Of course, more customers means more demand, and more demand requires more workers. So when American companies break into new markets and find new buyers in other countries, they tend to create new, good-paying jobs back home. How many new jobs? Well, global trade currently supports 41 million American jobs, including 6.2 million manufacturing jobs that are directly tied to exports of Made-in-the-USA goods, which represents more than half of the 12.3 million Americans employed in manufacturing.

In addition, it’s important to note that those manufacturing jobs linked to trade tend to have wages that are considerably higher than those positions not tied to U.S. exports.

Does this hold true for the new agreements I keep hearing about?

Absolutely. Let’s start with the Trans-Pacific Partnership, or TPP. Currently under review in Congress, the deal would help American businesses more easily access customers in 11 countries that collectively represent a staggering 40 percent of global GDP and are home to hundreds of millions of middle-class residents. One recent study forecasted that the deal would raise real incomes in the U.S. by $131 billion and increase American exports by $357 billion per year.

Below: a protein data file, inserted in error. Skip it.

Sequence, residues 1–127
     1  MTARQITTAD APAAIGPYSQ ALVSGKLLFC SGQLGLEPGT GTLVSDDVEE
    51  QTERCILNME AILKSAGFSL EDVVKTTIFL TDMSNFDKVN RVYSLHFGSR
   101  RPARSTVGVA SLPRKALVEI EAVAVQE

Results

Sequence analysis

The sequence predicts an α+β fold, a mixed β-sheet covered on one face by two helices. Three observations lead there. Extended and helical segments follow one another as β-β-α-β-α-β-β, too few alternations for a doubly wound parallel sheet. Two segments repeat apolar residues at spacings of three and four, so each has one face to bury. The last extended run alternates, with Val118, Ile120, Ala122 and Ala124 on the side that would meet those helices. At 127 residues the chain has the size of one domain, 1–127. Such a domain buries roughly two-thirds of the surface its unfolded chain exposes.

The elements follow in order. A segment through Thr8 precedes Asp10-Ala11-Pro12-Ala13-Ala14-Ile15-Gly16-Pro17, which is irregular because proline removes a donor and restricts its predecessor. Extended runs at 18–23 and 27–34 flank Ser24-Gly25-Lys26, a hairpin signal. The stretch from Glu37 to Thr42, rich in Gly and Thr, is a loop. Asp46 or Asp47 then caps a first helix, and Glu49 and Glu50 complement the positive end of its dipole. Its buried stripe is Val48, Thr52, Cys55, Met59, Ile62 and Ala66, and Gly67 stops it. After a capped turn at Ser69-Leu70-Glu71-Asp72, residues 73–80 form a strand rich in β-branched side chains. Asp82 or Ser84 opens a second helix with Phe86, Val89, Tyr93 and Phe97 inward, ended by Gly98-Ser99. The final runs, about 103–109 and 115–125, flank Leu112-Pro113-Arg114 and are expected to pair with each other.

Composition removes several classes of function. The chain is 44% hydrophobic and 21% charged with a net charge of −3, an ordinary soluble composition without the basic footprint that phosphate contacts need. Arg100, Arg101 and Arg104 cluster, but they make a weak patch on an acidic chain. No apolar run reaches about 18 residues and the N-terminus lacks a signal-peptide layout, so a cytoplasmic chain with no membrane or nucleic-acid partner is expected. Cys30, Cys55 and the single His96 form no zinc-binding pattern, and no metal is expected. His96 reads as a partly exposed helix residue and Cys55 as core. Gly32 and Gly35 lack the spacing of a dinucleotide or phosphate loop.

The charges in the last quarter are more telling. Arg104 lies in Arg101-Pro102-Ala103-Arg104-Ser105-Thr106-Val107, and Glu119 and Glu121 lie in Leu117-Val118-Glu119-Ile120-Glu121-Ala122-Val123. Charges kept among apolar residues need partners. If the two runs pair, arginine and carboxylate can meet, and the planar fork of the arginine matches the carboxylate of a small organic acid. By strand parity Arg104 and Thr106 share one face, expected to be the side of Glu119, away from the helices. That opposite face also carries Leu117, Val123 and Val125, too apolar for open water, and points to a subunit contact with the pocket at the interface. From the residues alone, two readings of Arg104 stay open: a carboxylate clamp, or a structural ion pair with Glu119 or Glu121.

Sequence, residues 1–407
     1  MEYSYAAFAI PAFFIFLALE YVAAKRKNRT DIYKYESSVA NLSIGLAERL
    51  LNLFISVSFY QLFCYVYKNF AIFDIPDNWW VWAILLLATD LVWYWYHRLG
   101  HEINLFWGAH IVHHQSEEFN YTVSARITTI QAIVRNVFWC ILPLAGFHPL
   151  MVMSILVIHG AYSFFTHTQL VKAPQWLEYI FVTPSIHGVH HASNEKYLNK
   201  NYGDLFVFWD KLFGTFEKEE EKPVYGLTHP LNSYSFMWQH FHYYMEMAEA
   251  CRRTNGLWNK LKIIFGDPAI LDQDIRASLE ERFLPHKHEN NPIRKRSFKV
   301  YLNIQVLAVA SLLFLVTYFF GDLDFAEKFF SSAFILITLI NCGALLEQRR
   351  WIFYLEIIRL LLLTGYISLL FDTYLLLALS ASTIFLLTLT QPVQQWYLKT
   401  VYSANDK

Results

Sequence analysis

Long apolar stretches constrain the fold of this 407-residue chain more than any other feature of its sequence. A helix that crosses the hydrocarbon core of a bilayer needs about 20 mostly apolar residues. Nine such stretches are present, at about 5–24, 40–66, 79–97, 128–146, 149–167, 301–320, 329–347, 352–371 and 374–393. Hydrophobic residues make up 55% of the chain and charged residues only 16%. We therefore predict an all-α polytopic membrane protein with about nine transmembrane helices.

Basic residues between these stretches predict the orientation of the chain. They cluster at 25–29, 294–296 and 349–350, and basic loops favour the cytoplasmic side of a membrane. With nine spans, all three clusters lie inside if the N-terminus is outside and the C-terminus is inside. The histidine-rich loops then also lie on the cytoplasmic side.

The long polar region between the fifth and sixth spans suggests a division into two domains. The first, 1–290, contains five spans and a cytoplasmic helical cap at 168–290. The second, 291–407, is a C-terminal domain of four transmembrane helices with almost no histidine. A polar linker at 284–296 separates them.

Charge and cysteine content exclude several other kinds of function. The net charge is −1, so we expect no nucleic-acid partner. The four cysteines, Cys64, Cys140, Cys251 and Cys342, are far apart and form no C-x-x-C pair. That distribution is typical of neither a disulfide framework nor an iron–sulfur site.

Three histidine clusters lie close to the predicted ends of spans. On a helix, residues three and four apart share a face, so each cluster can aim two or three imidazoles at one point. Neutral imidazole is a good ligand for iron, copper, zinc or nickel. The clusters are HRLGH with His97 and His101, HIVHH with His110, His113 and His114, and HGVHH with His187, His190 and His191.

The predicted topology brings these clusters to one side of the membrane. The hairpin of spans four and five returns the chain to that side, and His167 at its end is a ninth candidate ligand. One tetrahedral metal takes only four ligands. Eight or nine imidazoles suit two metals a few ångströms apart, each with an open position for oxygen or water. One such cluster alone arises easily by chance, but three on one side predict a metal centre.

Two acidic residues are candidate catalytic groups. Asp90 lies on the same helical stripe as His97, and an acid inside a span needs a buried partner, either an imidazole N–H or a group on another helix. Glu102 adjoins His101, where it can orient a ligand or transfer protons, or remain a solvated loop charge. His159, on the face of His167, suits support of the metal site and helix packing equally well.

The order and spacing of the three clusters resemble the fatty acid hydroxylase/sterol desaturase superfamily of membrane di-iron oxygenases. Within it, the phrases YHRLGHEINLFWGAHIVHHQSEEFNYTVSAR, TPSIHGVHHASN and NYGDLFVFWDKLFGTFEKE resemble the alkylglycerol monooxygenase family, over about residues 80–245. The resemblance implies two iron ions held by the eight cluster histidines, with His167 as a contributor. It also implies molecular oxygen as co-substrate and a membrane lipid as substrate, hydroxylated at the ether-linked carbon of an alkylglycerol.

Wait a minute, how does one deal do all that?

For starters, TPP would eliminate job-killing tariffs and other trade barriers that too often deny a level playing field to American exporters trying to break into growing markets in the Pacific region. The deal would eliminate tariffs on more than 18,000 products made in the USA, and it features 4,000 pages of tax cuts for American exporters. Without the deal, U.S. companies will be left on the outside looking in on major expansion opportunities.

Okay, but TPP isn’t the only deal in the works, right?

Correct. U.S. leaders also are working with our partners in Europe on what’s known as the Transatlantic Trade and Investment Partnership, or TTIP. While it’s not quite as far along, TTIP holds similar promise in that it could help more American businesses access more customers overseas, grow the American economy, and accelerate job creation back here in the United States.